[Tagging] high mobile masts on man_made=mast

Martin Koppenhoefer dieterdreist at gmail.com
Mon Feb 16 10:32:28 UTC 2015


2015-02-16 4:25 GMT+01:00 Dave Swarthout <daveswarthout at gmail.com>:

> On Mon, Feb 16, 2015 at 4:23 AM, Martin Koppenhoefer <
> dieterdreist at gmail.com> wrote:
>
>> > I've been taught that a mast is usually not self supporting, ie. has
>> guy wires while a tower is self supporting.
>
>
> +1
>
> Also, the wiki definition needs changing IMO. Maybe they meant to say, a
> few meters in diameter.
>


Thing is that in German we have (slightly) different usage of these terms,
there are the words

- "Turm" (tower in some cases): typically something accessible by humans
(with stairs, not just a ladder), if its masonry it will always be a
"Turm", while steel lattice could be either, but for power towers, these
will never be called "Turm" in German but "Mast"

- "Mast" something not accessible (except maintenance by technicians,
typically no stairs but just a ladder), can be guy wired, but doesn't have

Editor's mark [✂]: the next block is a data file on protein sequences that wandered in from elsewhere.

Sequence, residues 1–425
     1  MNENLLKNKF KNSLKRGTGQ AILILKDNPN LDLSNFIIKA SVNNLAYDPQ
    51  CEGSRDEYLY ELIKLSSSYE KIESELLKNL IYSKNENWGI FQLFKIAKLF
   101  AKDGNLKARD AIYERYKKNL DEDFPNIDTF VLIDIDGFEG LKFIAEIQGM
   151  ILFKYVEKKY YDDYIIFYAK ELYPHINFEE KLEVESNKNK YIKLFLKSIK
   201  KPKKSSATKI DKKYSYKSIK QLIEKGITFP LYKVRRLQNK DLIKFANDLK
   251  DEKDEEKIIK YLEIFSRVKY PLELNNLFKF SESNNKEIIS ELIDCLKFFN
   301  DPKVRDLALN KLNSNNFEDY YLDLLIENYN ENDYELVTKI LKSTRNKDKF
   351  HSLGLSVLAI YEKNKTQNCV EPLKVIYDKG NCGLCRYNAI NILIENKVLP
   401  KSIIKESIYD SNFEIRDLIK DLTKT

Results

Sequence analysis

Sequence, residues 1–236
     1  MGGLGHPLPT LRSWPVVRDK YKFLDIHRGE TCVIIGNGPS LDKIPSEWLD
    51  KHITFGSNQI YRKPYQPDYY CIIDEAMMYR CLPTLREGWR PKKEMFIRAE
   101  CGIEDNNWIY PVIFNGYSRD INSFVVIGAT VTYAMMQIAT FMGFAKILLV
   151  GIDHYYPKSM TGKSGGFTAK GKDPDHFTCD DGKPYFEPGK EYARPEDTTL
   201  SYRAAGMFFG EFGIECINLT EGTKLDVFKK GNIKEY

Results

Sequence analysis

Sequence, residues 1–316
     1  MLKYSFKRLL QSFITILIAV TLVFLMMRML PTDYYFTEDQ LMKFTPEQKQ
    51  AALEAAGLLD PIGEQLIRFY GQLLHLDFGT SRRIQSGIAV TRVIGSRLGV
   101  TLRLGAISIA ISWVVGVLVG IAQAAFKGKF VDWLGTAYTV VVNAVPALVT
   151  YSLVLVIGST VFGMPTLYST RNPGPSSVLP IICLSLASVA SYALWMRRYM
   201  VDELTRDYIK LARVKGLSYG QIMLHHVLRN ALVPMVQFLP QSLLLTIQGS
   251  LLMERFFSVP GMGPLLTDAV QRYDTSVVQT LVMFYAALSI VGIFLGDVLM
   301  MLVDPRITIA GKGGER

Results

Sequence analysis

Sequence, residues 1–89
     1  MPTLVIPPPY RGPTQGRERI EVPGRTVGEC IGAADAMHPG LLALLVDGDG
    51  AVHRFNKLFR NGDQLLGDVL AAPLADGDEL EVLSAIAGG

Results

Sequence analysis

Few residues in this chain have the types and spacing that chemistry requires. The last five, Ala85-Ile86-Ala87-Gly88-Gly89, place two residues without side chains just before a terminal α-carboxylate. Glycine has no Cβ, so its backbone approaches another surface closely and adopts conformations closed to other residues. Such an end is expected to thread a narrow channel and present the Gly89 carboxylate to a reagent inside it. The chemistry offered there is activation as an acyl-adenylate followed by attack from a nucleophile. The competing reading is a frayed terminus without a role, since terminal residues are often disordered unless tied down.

to (used e.g. for most technical installations like support for antennas,
street lamps (i.e. also cases where English uses the words "pole", "pylon"
or "rod"), ships, flags, telco wires, power towers, ...

de:"Mast" is always something tall and thin, while de:"Turm" is always
accessible, but can also be not very high (e.g. defensive towers of ancient
fortifications in some cases).

The current definition in the wiki almost reflects this German usage 100%
(no wonder, apparently written by a German), but not completely because
there are very high guy wired structures like antennas, e.g. this one would
be called "Mast" in German:
http://en.wikipedia.org/wiki/KVLY-TV_mast

I think the main difference is that a "Mast" cannot be entered, while a
"Turm" is intended to be entered by humans.

Cheers,
Martin
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